This chapter provides an overview the Diagnostic and Statistical Manual of Mental Disorders (DSM-5) diagnostic nomenclature, historical background, followed by a discussion of the major issues facing the current and future revisions. Behaviorists argue that the organismic perspective of DSM-5 is inconsistent with the situational context of dysfunctional behaviour. The diagnosis of mental disorders, however, was still receiving substantial criticism. Fundamental to the concept of a mental disorder is the presence of impairments secondary to feelings, thoughts, or behaviors over which a normal person has adequate self-control to alter or adjust in order to avoid the impairments, if he or she wishes to do so. A person with a mental disorder could be comparable to a computer lacking the necessary software to combat particular viruses or execute effective programs. The concept of mental disorder does include a value judgment that there should be necessary, adequate, or optimal psychological functioning.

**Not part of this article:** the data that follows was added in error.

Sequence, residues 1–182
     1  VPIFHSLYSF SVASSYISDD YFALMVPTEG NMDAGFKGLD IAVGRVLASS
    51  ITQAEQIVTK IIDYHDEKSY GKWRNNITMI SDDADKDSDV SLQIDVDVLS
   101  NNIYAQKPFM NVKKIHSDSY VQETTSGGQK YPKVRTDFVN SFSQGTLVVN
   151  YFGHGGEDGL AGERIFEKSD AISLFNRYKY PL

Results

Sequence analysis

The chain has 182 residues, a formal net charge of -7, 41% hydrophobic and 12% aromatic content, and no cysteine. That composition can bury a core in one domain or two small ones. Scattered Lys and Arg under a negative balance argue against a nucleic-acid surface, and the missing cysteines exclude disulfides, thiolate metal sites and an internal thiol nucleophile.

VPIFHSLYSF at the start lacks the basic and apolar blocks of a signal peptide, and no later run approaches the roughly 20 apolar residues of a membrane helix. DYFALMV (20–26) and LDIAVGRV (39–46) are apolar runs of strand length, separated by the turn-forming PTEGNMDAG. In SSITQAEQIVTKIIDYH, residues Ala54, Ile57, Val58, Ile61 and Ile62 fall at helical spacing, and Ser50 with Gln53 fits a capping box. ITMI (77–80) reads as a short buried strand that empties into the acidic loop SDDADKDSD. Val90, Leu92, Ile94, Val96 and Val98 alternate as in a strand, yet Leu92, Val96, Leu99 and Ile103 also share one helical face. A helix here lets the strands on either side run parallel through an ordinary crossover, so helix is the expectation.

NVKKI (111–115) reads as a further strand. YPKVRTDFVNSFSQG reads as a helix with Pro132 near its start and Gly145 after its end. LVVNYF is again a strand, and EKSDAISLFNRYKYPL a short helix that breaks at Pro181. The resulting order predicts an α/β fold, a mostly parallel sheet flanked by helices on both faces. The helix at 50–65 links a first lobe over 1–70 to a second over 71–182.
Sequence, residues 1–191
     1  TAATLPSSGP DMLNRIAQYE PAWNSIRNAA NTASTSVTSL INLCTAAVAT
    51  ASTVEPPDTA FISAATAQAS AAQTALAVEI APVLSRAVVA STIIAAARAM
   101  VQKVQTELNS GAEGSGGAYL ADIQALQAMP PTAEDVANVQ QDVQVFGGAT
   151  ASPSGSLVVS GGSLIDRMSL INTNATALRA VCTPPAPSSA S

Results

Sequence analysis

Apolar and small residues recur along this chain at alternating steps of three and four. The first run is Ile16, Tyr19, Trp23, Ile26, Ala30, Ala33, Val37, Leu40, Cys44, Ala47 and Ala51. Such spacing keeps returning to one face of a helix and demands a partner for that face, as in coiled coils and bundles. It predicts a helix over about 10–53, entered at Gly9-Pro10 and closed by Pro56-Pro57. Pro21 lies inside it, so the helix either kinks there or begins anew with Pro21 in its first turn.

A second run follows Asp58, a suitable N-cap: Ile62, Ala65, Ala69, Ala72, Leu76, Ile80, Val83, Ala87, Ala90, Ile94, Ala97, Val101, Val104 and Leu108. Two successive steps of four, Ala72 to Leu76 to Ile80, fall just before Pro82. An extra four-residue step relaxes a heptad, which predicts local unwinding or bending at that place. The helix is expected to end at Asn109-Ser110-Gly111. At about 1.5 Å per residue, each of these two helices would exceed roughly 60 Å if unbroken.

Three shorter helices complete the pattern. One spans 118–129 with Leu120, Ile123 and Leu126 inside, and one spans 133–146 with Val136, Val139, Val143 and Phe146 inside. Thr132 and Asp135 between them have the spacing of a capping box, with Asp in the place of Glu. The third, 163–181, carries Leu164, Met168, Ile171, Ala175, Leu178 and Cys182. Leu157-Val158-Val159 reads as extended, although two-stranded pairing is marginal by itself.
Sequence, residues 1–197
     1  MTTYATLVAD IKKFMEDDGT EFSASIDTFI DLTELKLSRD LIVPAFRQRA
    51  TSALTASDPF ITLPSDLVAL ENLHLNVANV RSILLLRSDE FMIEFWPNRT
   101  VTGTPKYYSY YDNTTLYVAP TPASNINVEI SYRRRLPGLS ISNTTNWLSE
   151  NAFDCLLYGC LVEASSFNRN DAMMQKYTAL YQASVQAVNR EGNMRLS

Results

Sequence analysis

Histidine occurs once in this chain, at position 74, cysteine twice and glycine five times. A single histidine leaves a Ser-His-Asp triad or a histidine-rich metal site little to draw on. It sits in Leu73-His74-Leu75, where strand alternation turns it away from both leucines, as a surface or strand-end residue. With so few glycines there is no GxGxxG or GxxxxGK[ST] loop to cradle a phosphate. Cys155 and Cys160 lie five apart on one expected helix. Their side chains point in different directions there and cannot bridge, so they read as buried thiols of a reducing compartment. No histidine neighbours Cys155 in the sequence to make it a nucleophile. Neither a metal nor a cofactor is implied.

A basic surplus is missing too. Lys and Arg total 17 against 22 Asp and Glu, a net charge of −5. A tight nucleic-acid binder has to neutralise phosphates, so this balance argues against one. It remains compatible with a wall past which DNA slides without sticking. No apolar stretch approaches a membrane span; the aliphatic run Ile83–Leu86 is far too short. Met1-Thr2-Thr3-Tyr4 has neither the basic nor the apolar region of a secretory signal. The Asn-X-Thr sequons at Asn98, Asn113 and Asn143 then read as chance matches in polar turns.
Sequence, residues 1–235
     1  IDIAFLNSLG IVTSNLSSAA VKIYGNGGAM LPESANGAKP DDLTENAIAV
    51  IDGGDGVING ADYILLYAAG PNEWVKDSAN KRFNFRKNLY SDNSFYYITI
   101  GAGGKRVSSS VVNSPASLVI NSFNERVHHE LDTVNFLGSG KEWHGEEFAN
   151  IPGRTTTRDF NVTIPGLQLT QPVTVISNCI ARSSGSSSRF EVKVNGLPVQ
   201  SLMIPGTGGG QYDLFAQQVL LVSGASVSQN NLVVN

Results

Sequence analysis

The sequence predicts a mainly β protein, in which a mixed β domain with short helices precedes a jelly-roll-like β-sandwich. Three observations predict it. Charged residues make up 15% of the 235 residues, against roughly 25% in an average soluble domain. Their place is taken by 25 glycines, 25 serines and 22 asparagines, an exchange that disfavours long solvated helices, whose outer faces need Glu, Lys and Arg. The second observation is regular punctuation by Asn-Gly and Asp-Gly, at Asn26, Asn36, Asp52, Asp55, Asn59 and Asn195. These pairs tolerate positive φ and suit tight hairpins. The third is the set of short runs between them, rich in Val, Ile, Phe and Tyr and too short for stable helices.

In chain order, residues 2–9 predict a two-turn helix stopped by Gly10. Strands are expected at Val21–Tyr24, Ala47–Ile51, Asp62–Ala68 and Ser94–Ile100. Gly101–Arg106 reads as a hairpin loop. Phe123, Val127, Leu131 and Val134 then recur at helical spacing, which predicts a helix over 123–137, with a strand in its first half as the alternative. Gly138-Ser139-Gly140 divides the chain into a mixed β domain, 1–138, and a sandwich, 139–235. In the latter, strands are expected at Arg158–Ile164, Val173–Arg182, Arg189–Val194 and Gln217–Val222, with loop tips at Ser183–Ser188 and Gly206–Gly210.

|Title of host publication||Psychopathology|
|Subtitle of host publication||Foundations for a Contemporary Understanding: Fifth Edition|
|Number of pages||16|
|State||Published - Jan 1 2019|
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ASJC Scopus subject areas
- Psychology (all)
- Medicine (all)